‘Mushafi has, most surely,
claim of superiority in Rekhtah—
That is to say, he has expert knowledge of the language of urdu’ (23).

Could this revelation that Urdu as a named language did not appear until the late eighteenth century mean that it should be thought of principally as a descendant or amalgam of other languages? A closer look at the history reveals some of the traces that Urdu pulls from other tongues, but it also raises distinguishing factors in terms of purposes for which Urdu was
specifically chosen. The name “Urdu,” meaning “camp” or “city” came from “zaban-e Urdu-e mualla-e Shahjahanabad” (the language of the exalted city/court of Shahjahanabad); however, “zaban” (language) signified Persian, not Urdu (Farooqi 20). As the Mughals invaded the Subcontinent, Persian became mixed with the local vernacular until a distinction could be seen between Hindi and this new language. It is for this reason that Urdu contains many loanwords from Persian and Arabic as the Persian-speaking Mughals brought them when they invaded.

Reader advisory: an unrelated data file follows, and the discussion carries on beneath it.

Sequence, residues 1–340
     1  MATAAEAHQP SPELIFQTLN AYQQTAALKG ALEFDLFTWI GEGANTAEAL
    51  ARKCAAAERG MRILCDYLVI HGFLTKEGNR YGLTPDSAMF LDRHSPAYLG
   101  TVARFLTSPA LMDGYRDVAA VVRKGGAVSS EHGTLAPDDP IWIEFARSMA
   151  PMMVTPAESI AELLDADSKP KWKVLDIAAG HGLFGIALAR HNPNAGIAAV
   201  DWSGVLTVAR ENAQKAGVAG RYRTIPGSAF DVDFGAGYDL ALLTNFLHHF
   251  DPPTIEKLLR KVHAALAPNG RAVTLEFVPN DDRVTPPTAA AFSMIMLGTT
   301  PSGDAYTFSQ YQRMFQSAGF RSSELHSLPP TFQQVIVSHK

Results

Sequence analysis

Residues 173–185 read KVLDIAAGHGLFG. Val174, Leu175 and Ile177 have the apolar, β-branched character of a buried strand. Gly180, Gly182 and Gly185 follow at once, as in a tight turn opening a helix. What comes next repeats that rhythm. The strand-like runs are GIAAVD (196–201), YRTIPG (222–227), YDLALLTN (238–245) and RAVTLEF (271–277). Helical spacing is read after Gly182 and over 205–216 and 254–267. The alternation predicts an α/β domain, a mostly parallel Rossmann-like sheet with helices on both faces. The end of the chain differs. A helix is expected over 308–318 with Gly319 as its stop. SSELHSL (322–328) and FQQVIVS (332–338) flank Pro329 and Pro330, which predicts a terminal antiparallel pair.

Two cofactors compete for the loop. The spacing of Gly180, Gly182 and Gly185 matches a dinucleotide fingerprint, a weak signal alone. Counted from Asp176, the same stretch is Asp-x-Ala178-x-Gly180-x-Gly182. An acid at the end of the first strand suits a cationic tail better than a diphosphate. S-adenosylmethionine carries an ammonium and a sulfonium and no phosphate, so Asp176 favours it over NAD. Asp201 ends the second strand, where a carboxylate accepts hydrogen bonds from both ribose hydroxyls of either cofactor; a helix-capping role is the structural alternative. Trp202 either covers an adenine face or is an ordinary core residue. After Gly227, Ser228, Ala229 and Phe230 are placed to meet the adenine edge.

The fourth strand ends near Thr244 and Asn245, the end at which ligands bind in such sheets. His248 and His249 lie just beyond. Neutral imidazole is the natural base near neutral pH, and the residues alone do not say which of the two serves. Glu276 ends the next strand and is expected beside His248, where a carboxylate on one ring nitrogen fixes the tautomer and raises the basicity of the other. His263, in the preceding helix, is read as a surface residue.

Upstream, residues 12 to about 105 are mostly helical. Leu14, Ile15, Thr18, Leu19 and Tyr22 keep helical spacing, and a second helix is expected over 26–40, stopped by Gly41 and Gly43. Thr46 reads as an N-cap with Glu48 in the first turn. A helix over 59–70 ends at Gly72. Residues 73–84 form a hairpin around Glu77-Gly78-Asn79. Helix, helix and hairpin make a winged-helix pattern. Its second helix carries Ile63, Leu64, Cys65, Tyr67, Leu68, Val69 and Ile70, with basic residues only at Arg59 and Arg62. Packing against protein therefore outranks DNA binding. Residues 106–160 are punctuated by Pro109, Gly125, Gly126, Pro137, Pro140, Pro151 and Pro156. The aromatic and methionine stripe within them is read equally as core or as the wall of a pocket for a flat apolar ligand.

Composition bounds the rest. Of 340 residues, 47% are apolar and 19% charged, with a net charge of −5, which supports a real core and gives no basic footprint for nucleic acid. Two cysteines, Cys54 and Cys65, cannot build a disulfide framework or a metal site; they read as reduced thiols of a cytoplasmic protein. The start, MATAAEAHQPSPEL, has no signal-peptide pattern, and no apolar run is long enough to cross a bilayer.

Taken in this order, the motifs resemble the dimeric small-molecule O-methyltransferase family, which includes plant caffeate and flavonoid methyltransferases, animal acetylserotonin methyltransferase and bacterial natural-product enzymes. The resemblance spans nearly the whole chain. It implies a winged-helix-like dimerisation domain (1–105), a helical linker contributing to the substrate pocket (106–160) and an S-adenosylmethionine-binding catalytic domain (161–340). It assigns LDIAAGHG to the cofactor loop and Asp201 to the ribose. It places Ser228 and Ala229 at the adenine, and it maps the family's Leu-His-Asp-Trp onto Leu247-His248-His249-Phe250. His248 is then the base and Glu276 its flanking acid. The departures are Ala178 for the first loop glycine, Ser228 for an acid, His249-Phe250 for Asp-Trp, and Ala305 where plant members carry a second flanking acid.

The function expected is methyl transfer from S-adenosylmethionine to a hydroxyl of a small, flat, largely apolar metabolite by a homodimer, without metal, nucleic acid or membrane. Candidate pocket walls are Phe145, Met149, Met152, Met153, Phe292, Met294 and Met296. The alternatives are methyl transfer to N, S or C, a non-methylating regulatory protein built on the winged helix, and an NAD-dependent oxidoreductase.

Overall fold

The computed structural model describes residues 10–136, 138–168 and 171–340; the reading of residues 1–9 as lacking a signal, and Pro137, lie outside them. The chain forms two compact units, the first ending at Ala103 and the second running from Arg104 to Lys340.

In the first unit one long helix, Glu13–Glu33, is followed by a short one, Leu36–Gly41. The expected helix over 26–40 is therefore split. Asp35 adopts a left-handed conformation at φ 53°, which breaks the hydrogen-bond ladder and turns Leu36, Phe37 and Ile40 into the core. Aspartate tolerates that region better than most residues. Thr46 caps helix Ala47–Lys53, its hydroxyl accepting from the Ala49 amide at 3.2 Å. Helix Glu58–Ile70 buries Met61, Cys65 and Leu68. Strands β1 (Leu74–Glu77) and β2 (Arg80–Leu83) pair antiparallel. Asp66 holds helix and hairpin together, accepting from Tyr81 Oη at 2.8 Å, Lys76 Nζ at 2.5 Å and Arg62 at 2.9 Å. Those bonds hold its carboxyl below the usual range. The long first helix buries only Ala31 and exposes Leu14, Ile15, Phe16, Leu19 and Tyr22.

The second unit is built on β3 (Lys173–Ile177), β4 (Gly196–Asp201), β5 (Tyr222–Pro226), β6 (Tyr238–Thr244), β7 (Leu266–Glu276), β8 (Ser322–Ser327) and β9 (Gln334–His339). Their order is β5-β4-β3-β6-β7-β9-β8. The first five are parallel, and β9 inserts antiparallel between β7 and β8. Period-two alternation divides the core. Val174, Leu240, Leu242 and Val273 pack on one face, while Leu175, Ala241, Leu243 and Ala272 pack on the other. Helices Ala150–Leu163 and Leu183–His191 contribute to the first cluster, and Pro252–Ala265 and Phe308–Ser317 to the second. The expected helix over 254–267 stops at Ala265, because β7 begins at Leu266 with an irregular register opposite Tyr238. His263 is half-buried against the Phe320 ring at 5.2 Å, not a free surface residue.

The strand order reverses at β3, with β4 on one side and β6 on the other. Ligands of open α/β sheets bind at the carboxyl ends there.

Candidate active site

However, when did a more “formal” perception of Urdu come about? This switch from Persian to Urdu happened in 1772 when Mughal emperor, Shah Alam II, spoke Hindi on informal occasions and used it in the Nastaliq script as the language for his prose work (Faruqi 26). Faruqi quotes a poet from Lucknow in the eighteenth century, Yakta, who says that because they had to “deal with the local people, it became necessary for them to converse in this language [Hindi]” (39). Yakta then goes into further detail when outlining that the people “mixed each other’s vocabulary as much as needed” and when “this had continued over a long span of time, a state was reached when, by virtue of absorption of words and connections…it would be described as a new language.” Yakta continues his reasoning by stating that “neither Arabic remained Arabic, nor Persian, Persian, nor…did the dialects and vernaculars…retain their original form.” (Faruqi 39) Hence, Urdu was formed as a fusion of Hindi, Persian, and Arabic.